The Effect of Technological Innovations on Economic Activity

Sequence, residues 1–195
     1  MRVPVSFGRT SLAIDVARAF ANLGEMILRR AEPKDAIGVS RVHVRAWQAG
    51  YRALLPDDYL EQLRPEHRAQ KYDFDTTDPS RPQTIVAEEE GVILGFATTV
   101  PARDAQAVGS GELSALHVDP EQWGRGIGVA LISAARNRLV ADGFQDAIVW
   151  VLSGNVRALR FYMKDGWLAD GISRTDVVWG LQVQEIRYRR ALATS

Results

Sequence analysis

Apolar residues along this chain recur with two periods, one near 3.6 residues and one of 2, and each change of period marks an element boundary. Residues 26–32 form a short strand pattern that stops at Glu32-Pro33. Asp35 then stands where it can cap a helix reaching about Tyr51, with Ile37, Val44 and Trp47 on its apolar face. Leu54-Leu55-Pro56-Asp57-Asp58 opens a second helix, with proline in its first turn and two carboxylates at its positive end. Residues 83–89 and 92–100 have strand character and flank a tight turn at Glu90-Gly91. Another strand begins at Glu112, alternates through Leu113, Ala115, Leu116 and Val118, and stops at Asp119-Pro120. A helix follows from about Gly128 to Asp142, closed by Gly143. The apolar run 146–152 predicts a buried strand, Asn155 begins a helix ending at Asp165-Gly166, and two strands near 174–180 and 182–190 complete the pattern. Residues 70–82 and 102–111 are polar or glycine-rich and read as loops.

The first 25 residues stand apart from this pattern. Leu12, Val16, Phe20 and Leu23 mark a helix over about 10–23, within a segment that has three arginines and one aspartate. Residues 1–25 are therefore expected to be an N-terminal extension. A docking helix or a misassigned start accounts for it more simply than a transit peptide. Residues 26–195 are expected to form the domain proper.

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In this PHD dissertation, the nature of technological shocks and their effect on economic activity are examined. The first chapter is dedicated to the analysis of general purpose technologies (GPTs) and their identification in the patent data. I argue that the previous literature has been identifying sub-technologies of a given GPT rather than the technology itself. Moreover, I argue that the quantity of active GPTs identified using the old methodology is substantially greater than theoretically possible. The first chapter of my thesis presents an alternative approach to the identification of a general purpose technology than the one used in the previous literature and provides an example of such a technology identified in the patent data. This technology is the microcomputer. The chapter examines its evolution, diffusion, and the effect it has on other patented technologies. The findings are in line with the theoretical GPT literature. In the second chapter of my dissertation, I examine the effect of a positive technology shock on aggregate hours worked. Compared to the previous literature, the novelty of the approach proposed in the current study comes from two directions: the choice of variables and the technique used to identify the technological shock. A patent-based measure is the main measure used to approximate the unobserved aggregate technological process. The second important novelty of the study is the use of the sign restriction Vector Autoregression (VAR) shock identification technique that is believed to be more robust than the alternative identification techniques used in the literature. The sign restrictions are determined using a general equilibrium model with skilled and unskilled labour featuring skill-specific and general technology shocks. The analysis shows that aggregate hours increase following both kinds of technological shocks. The results obtained in the study are robust to the technology measure used. When a patent-based measure is replaced with a production function residual measure the effect of the shock still improves the aggregate hours. Moreover, the results are robust to the way aggregate hours themselves are specified. Finally the results are supported when more conventional long run restrictions are applied on the VAR. However, with the long run restrictions it does matter how the aggregate hours are specified the same way it mattered in the previous studies. In the third chapter, I continue the analysis of the effect of a technological improvement on the labour market. In this study, I attempt to address the general criticism of the VAR methodology about the fact that only a limited number of variables can be processed. This limitation requires a researcher to make a choice in favour of certain variables and to justify this choice. Moreover, no matter which variables are chosen for the final modeling form, some information would still be excluded from the study. I overcome this limitation by incorporating factor analysis techniques into the VAR framework. I introduce Factor-tofactor VAR (F-FAVAR) that is an extension of the FAVAR approach that has already been succesfully used in the past.The F-FAVAR methodology allows an inclusion of a latent factor "impulse variable" besides the latent factor "response variables". As a result a large number of macroeconomic variables is examined and there is no necessity to exclude any of the variables. Moreover, there is no necessity to make a choice in favour of a particular measure of technology. All the relevant technological measures can be included into the model. As a result it is possible to examine the reaction of various economic and business variables to a technological shock. The reaction of the key economic variables to a technology shock is in accordance with the theory. The reaction of various labour measures to the shock was also examined. The results of the third chapter mainly support the findings of the second chapter about the positive effect of a technology shock on aggregate hours. In order to check the robustness of the results, instead of the F-FAVAR methodology, a simple FAVAR methodology was also used. For that methodology it was necessary to select a particular measure of technology to be included into the VAR model as well as to impose restrictions on the VAR. Several different technology measures with two alternative sets of restrictions were used. The results of the robustness analysis mainly support the findings of the F-Favar methodology.